Stock photo.

From the Editor: Home Free

Just a month or so before my husband and I were married, we found the perfect house. It wasn’t for sale at the time. It was more of an “if you know you know” situation. And I’m so glad we knew.

Photo by Jordan Hefler

My husband didn’t even think I would want to tour the house. Over biscuits and mimosas at Overpass Merchant, he casually mentioned that he knew of a house in the area with an owner who might be ready to move across town. “It’s a little rough,” he noted, but I was undeterred. Before he could say anything else, I had paid the bill and we were on our way to stare creepily at a house that was not yet our own.

I remember the day we moved in. It’s hard to forget. Not because of the emotions, but because my mom did the funniest thing possible. She set herself on fire.

Now, I know what you’re thinking. That’s not funny. Well, grow up. It is.

She was unwrapping our plates, bowls and mugs when she set a piece of packing paper on top of my brand-new Anthropologie candle. Again, if you know you know.

Long story short, she is fine. And I still have the leggings she was wearing. They make me laugh every time I see the singed ankle while I’m doing Pilates.

Anyway. Back to the point.

Our house is perfect even though it isn’t. We have done a full renovation. Changed every counter. Every fixture. Every light switch. But still, it’s an old house.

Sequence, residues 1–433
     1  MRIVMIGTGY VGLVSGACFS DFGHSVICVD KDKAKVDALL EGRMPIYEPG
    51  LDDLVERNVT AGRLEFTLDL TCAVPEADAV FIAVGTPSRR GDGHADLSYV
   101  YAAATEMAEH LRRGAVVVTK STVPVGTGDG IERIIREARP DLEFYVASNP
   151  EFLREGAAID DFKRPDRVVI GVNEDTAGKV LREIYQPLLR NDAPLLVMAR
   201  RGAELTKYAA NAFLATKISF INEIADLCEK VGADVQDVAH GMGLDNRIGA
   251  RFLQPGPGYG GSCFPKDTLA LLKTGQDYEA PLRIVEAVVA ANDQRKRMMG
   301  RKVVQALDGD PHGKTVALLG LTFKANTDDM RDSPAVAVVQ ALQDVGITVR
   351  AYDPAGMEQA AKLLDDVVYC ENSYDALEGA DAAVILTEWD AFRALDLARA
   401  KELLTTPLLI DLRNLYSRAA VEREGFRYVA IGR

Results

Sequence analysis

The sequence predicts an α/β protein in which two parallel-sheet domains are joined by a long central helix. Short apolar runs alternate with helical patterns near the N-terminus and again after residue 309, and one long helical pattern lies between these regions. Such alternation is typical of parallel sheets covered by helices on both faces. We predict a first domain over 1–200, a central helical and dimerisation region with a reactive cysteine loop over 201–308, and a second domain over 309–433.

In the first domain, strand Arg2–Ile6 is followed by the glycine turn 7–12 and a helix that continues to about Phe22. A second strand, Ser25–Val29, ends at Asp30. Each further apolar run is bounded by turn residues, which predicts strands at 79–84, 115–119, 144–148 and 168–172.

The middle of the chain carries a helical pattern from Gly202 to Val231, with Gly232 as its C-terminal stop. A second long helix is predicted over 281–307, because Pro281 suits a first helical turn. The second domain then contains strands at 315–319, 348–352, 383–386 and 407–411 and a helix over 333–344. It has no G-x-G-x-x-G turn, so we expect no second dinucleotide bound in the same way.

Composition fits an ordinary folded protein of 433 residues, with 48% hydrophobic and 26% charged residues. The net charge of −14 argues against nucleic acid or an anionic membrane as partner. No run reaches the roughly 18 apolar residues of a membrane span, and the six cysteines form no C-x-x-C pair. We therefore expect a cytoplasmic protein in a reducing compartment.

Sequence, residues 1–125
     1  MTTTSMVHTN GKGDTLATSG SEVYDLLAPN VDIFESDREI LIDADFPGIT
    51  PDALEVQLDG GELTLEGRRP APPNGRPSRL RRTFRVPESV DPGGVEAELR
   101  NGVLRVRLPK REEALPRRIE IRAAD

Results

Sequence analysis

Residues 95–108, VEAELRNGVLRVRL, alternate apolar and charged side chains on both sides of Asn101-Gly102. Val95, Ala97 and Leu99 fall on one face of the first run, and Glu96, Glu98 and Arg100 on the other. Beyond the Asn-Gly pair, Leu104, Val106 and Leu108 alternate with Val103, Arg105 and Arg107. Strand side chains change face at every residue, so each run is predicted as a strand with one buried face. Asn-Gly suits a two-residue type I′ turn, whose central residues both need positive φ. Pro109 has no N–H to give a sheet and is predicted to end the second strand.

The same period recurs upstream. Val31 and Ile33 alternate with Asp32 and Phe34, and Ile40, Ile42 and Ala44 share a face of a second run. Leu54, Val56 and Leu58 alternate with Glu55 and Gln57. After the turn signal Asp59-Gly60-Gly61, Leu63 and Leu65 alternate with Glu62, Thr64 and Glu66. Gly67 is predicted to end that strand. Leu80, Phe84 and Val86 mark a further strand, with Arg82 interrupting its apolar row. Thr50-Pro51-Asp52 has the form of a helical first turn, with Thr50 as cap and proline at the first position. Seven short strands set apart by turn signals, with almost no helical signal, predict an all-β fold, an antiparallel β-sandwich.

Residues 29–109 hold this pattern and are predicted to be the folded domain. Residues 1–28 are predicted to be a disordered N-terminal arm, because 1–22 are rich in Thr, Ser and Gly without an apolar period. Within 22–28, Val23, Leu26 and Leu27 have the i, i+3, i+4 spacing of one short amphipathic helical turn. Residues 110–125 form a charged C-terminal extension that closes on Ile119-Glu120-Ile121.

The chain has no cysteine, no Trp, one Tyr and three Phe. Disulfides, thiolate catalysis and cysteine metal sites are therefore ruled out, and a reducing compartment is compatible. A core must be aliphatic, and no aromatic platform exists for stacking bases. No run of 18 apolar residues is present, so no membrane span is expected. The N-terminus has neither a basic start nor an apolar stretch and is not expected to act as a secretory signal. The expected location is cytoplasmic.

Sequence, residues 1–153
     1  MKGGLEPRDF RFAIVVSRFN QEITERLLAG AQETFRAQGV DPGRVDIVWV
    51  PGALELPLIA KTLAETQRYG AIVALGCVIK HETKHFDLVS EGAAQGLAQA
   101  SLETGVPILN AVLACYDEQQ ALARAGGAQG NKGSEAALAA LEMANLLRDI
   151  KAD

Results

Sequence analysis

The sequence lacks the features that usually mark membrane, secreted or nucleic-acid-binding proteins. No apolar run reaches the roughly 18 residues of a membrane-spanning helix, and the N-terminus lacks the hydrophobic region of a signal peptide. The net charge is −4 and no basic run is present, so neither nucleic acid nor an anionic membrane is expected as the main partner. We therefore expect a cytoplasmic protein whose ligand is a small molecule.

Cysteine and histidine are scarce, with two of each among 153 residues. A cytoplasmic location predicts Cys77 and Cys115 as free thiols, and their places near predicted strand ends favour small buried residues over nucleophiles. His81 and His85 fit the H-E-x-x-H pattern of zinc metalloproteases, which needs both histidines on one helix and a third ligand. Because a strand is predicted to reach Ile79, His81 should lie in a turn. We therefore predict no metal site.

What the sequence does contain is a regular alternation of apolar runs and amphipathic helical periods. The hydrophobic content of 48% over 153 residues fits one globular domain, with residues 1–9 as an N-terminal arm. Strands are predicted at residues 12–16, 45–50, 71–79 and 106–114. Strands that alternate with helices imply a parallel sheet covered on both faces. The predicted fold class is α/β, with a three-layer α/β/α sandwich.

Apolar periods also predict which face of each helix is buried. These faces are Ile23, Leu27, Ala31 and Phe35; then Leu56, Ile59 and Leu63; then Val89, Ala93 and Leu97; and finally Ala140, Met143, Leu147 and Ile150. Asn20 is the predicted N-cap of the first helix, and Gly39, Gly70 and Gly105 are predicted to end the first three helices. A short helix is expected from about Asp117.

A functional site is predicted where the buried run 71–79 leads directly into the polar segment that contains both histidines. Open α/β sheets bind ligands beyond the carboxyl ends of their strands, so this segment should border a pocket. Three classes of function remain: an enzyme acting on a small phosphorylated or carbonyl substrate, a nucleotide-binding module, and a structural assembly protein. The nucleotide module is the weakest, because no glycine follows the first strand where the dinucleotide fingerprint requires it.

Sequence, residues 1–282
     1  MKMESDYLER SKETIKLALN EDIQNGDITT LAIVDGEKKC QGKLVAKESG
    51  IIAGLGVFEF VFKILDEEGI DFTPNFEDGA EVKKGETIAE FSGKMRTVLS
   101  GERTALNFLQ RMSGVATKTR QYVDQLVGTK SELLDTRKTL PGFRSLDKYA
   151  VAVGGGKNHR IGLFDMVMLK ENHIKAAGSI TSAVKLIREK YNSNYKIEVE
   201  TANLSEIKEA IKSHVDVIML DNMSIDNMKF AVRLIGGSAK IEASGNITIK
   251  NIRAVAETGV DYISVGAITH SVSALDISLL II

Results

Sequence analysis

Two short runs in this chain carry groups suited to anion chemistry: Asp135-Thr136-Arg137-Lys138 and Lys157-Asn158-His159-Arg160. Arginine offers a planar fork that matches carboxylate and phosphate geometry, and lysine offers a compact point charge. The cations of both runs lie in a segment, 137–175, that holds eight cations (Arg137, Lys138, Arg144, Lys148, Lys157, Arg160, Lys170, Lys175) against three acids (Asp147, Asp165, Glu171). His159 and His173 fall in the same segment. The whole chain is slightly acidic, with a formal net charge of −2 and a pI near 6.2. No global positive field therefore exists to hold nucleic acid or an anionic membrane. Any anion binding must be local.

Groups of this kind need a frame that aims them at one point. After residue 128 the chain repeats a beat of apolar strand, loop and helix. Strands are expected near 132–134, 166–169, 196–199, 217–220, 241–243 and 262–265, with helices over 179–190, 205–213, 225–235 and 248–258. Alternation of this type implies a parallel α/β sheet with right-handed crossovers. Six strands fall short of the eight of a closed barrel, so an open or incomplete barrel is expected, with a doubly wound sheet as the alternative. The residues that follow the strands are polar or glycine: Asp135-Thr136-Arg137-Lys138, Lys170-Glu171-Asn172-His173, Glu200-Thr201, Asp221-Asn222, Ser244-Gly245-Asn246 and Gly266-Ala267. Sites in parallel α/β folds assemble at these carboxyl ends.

We have one bathroom—and two more human beings than we did when we first saw this house and thought it was perfect. But every time I get frustrated that the bathroom door is locked or my toothpaste is inexplicably misplaced, I remember how lucky I am. How lucky I am to have a house that is perfect in so many ways. And to have a family that follows suit.

No one and nothing is perfect all of the time. No matter how hard we try. What’s important is keeping perspective.

I know that when we finally put in that second bathroom that we’ve been planning for what seems like an eternity, there will still be things that seem out of place or less than ideal. But that’s life.

Every day when I come home, I remember the first time I pulled into the driveway and knew that house was the one.

I’m lucky I get to live there. And I’m lucky I have a family to share it with—even if we only have one bathroom. Say a prayer for me, though. My kids are potty training.